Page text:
Jean Mohr, 93. Photographer Who Found Heart Amid Bleakness, Dies

Jean Mohr, 93. Photographer Who Found Heart Amid Bleakness, Dies


Jean Mohr, a Swiss photographer who brought a humanist’s eye to refugee camps, the Palestinian territories and places of distress all over the world, died on Saturday in Geneva. He was 93.

Martin Dahinden, the Swiss ambassador to the United States, confirmed his death on Twitter. Swiss news reports said the cause was cancer.

Mr. Mohr built his reputation shooting photographs for aid groups like the Red Cross and the World Health Organization. He also collaborated on books with two acclaimed writers, John Berger and Edward W. Said.

In all his work, his interest lay not in the cataclysmic event but in its effects — on the landscape, the society and, especially, the individual people.

“I am not a war photographer,” he said in a video made for a touring exhibition of his work, “War From the Victims’ Perspective,” in 2014, “because being a war photographer means being there, taking risks.”

Instead he sought to capture the humanity within the aftermath, whether in panoramic shots or close-ups.

One picture in that exhibition showed a displaced-persons dormitory in Cyprus — no people, but evidence of human habitation everywhere. Another consisted of a single aging face, one that reflected the effects of hardship but also retained dignity.

Mr. Mohr explained why he thought the people in such situations welcomed him and his camera.

“They invited me not because my approach was more gentle, but because people could identify with it,” he said. “You can’t identify with a corpse, but you can identify with someone at a well drawing water to take to a camp a few kilometers away.”

Hans Adolf Mohr was born on Sept. 13, 1925, in Geneva. His parents had emigrated from Germany in 1919 and were dismayed by the rise of Hitler; from an early age their son rejected his Germanic origins and used the name Jean.

He received a degree in economics and social sciences at the University of Geneva and briefly worked in advertising. Then he moved to the Middle East and spent two years working with Palestinian refugees on behalf of the United Nations Relief and Work Agency and the International Committee of the Red Cross.

He studied art in Paris before, at age 30, discovering photography. Thereafter he worked taking photographs for international organizations all over the world.

Not all his pictures were of war zones and refugee camps; he documented a rehabilitation hospital in Laos, dissident artists in Moscow, a tour of the Orchestre de la Suisse Romande. Whatever the subject, the label “humanist” was invariably attached to him and his pictures; he had the ability to infuse an image with heart and respect.

“When he works with people, he becomes almost invisible,” Mr. Berger, the critic, essayist and novelist who died last year, once noted. “That is to say, after a few minutes, he is there, he is taking pictures and people (even people who are being photographed) do not know. And I believe that this gift — because it is a gift to John — comes because of an extraordinary discretion, a discretion that is related to how he can relate to others. So it gives people the opportunity to keep their own presence and their own soul.”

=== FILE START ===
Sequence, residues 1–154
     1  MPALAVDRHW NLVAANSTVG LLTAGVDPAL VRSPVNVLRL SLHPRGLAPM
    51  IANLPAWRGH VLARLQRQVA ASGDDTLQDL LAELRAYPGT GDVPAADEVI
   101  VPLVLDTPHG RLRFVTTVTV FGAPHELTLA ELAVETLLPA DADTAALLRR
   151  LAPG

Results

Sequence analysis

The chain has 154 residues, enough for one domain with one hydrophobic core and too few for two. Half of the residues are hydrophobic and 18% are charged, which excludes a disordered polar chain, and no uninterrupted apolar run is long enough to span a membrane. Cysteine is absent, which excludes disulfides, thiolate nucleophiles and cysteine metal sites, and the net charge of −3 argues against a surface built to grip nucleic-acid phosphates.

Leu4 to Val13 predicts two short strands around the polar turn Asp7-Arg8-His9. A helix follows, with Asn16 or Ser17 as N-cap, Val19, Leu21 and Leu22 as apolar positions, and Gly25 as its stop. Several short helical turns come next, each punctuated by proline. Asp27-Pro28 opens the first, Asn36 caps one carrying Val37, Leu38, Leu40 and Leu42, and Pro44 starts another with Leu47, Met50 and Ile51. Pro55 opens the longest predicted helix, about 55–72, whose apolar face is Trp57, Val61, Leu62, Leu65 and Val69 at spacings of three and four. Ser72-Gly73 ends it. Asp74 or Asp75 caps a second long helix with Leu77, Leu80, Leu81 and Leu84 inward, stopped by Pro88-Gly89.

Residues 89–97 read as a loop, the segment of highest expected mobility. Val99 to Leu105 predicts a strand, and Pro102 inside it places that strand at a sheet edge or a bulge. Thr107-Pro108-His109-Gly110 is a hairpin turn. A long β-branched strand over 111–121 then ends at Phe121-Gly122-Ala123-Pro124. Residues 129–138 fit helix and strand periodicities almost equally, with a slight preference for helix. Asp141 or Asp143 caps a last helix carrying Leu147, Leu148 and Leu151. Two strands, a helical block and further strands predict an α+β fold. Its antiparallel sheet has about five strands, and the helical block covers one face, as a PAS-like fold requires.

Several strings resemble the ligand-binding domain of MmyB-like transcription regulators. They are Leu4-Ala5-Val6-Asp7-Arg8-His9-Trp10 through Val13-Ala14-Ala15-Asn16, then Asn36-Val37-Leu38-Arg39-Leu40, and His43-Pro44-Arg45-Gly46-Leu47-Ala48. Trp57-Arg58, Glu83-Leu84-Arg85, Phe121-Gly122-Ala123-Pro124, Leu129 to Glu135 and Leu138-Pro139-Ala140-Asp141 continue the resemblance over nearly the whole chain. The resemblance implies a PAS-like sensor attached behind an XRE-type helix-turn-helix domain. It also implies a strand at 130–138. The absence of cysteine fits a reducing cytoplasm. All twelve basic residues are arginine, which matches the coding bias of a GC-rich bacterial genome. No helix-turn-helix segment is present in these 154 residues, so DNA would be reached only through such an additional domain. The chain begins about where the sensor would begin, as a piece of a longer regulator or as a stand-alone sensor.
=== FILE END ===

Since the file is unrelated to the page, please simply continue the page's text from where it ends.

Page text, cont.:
Mr. Mohr collaborated with Mr. Berger on three books: “A Fortunate Man: The Story of a Country Doctor” (1967); “A Seventh Man,” about migrant workers (1975); and “Another Way of Telling” (1982). All were praised for the intricacy of the collaboration.

“Jean Mohr’s defining characteristic — the one repeated by others, the one certainly in evidence every time I met him, and perhaps the one which made the eloquence of his photographs possible — was his humility,” Tom Overton, who has edited two books about Mr. Berger, said by email. “John Berger admitted himself somewhat less humble when he claimed the three books they worked on together ‘considerably extended the narrative dialogues that are possible between text and images in book form.’ Looking back now, they still haven’t really been surpassed.”

In 1986 Mr. Mohr was involved in a similar collaboration with Dr. Said, the literary scholar, called “After the Last Sky: Palestinian Lives.”

“He saw us as we would have seen ourselves, at once inside and outside our world,” Dr. Said, an advocate of Palestinian independence who died in 2003, wrote in that book of Mr. Mohr’s photographs.

Richard Ben Cramer, reviewing the book for The New York Times, wrote: “This is not a normal tandem of word and image, neither a coffee-table book with a long, glorified caption nor a work of prose propped up here and there by sheaves of shiny pictures. Mr. Said writes to the photos so assiduously and with such effect as to make one powerful essay. And at times, we realize with a sobering lurch, he writes not to the pictures but from them.”

In 1956 Mr. Mohr married Simone Turrettini. She survives him. His other survivors include two sons, Michel and Patrick, and several grandchildren.

Mr. Mohr’s “War From the Victims’ Perspective,” which focused on images from the Palestinian territories, Cyprus and Africa, was seen in more than 20 countries. Some of its 60 pictures were of children, smiling and playing amid desolation.

“The children in these photos are miraculous,” Mr. Mohr said in the video made for the exhibition. “Little is enough for them to switch into playing a game. I had no problem showing them in difficult situations, because where there is the laughter of children, there is always hope.”



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